To the best of the PI's knowledge, the proposed work would be the first study of this kind in the Arab world. Findings will be helpful for developing culturally sensitive and evidence-based best-practice guidelines, which are vital to achieve satisfying long-term outcomes. Moreover, study results will be relevant for research communities and practitioners outside the MENA region since empirical support for the effectiveness of obesity surgery remains weak internationally.

Condition or disease Intervention/treatment Phase
Obesity Bariatric Surgery Behavioral: Group Counseling Not Applicable

  Show Detailed Description

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Study Type : Interventional  (Clinical Trial)
Estimated Enrollment : 100 participants
Allocation: Randomized
Intervention Model: Parallel Assignment
Masking: None (Open Label)
Primary Purpose: Treatment
Official Title: Impact of Counseling on Obesity Surgery Outcomes and Psychological Functioning: A Randomized Clinical Trial in 2 Arab Countries
Study Start Date : November 2012
Estimated Primary Completion Date : November 2014
Estimated Study Completion Date : November 2014

Resource links provided by the National Library of Medicine

Arm Intervention/treatment
Active Comparator: Group Counseling
The major aim of the post-operative counseling groups is to engage patients in discussing and exchanging their thoughts on issues of concern related to their surgery and overall well-being. The selected patients will be informed about the purpose of these support groups and will be made aware that their attendance is entirely voluntary.
Behavioral: Group Counseling
No Intervention: Standard treatment

Primary Outcome Measures :
  1. weight loss [ Time Frame: 12 months ]
    Body weight will be measured in regular intervals to record weight loss.

  2. psychological health [ Time Frame: 12 months ]

    A set of standardized measures is being used to assess participants' psychological health including the following:

    Three Factor Eating Questionnaire, Binge Eating Scale, Parts of Bulimic Investigatory Test, Beck Depression Inventory (revised), Zung Anxiety Scale, Rosenberg Self-Esteem Scale, Experience of Shame Scale, Obsessive-Compulsive Inventory, Parts of Eating Disorders Quality of Life Scale and the Mini Mental State Examination.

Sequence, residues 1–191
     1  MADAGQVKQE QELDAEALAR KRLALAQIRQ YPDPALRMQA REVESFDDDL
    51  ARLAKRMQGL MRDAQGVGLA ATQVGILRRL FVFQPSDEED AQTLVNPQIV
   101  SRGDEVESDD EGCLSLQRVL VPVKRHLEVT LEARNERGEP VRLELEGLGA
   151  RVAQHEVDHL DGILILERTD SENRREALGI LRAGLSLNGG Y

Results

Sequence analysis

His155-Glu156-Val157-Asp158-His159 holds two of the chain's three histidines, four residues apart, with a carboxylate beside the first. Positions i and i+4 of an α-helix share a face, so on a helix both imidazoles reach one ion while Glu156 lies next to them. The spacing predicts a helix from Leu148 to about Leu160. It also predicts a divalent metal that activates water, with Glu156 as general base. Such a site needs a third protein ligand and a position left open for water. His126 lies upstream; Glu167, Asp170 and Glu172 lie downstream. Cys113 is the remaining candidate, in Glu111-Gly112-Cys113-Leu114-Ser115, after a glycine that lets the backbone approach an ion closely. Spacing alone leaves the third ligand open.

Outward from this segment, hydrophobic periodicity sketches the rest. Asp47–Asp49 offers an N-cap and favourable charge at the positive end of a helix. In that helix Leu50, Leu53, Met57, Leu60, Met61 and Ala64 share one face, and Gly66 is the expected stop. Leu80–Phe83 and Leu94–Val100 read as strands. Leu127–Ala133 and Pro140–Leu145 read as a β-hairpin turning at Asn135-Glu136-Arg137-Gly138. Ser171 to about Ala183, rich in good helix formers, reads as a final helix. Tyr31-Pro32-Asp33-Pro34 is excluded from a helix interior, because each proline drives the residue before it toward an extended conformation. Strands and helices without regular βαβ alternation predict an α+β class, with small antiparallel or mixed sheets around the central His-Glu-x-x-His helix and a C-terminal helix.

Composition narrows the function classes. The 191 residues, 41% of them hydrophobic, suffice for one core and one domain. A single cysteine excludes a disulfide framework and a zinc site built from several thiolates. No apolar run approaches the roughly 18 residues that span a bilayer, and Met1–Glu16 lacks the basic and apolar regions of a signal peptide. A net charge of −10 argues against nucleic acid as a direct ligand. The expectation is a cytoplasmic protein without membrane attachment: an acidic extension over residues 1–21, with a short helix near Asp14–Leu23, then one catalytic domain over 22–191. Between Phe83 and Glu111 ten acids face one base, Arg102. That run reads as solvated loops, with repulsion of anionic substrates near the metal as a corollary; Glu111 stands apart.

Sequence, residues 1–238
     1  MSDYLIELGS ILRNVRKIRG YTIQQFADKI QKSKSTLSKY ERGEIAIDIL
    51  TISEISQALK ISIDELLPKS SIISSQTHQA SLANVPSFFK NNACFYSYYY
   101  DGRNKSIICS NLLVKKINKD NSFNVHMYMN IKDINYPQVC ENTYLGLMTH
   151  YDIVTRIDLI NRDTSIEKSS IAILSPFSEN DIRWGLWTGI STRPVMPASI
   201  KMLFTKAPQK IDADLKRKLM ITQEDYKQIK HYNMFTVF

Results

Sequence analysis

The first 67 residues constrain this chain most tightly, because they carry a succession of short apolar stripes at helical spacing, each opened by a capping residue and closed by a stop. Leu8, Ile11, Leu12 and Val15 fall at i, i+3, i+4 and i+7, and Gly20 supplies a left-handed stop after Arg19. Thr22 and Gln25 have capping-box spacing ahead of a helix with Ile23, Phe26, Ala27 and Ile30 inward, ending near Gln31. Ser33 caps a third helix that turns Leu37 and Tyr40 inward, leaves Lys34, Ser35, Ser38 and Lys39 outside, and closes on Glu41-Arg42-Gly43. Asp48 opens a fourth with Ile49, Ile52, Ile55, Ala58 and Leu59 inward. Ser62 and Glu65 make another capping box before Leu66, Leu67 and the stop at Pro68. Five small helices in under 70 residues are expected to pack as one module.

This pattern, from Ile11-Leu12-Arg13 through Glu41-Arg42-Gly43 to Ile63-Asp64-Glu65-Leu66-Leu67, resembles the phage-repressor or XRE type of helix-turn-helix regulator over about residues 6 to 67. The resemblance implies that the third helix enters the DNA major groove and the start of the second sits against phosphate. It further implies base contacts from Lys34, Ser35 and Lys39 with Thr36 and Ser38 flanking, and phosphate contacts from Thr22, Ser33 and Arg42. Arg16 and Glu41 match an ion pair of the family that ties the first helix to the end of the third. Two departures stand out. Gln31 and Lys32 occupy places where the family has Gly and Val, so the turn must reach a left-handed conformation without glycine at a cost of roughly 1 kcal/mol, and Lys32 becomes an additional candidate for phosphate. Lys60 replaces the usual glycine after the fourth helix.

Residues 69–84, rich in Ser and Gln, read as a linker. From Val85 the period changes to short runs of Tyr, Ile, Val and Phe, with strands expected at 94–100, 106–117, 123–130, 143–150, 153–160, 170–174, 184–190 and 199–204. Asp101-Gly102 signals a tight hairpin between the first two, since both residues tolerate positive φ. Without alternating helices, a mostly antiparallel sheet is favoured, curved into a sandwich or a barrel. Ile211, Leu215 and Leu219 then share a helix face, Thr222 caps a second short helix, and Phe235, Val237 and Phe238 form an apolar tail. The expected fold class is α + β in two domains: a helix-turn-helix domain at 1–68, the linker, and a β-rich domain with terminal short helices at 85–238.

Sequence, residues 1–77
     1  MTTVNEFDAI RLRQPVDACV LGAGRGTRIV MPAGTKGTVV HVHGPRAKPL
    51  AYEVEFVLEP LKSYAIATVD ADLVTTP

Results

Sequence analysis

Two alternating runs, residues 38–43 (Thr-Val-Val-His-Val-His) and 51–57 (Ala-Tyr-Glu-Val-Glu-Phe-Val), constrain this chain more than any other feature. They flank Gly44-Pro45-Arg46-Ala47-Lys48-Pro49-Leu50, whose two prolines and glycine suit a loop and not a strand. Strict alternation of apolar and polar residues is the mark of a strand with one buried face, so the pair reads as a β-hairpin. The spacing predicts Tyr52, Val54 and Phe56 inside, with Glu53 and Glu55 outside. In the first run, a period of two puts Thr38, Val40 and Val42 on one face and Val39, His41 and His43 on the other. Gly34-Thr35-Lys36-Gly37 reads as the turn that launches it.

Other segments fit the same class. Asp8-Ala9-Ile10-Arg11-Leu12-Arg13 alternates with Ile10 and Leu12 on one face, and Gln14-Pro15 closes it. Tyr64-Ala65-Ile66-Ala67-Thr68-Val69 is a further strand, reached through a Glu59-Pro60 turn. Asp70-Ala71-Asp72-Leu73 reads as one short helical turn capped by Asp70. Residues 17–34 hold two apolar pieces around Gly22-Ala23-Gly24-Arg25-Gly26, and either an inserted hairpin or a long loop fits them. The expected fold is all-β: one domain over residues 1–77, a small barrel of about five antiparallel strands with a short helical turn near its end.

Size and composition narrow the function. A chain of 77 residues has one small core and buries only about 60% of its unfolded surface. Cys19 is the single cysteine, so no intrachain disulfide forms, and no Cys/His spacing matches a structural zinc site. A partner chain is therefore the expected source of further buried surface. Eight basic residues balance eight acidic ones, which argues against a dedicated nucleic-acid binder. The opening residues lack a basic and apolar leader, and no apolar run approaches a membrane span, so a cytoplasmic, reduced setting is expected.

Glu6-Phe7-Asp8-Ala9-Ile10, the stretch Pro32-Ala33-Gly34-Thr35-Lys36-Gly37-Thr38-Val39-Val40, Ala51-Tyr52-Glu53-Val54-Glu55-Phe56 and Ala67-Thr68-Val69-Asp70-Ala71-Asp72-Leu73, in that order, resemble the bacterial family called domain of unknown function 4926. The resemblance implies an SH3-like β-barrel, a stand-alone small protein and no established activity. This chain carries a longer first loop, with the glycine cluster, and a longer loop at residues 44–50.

Information from the National Library of Medicine

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Ages Eligible for Study:   18 Years and older   (Adult, Older Adult)
Sexes Eligible for Study:   All
Accepts Healthy Volunteers:   No

Inclusion Criteria:

  • Patients registered for bariatric surgery

Exclusion Criteria:

  • Not applicable

Information from the National Library of Medicine

To learn more about this study, you or your doctor may contact the study research staff using the contact information provided by the sponsor.

Please refer to this study by its identifier (NCT number): NCT01865227

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Contact: Sabrina Tahboub-Schulte, PhD 00971508829098

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Jordan Hospital Recruiting
Amman, Jordan
Contact: Bashir   
Principal Investigator: Ahmad Bashir         
United Arab Emirates
SKMC Recruiting
Abu Dhabi, United Arab Emirates
Contact: Abdelrahman Nimeiri         
Principal Investigator: Abdelrahman Nimeiri         
Sponsors and Collaborators
American University of Sharfah
Sheikh Khalifa Medical City
Jordan Hospital

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Responsible Party: Dr Sabrina Tahboub-Schulte, Assistant Professor of Psychology, American University of Sharfah Identifier: NCT01865227     History of Changes
Other Study ID Numbers: FRG12-2-16
First Posted: May 30, 2013    Key Record Dates
Last Update Posted: June 14, 2013
Last Verified: June 2013
Keywords provided by Dr Sabrina Tahboub-Schulte, American University of Sharfah:
Bariatric surgery
Binge Eating Disorder
Psychological Health
Additional relevant MeSH terms:
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Nutrition Disorders
Body Weight
Signs and Symptoms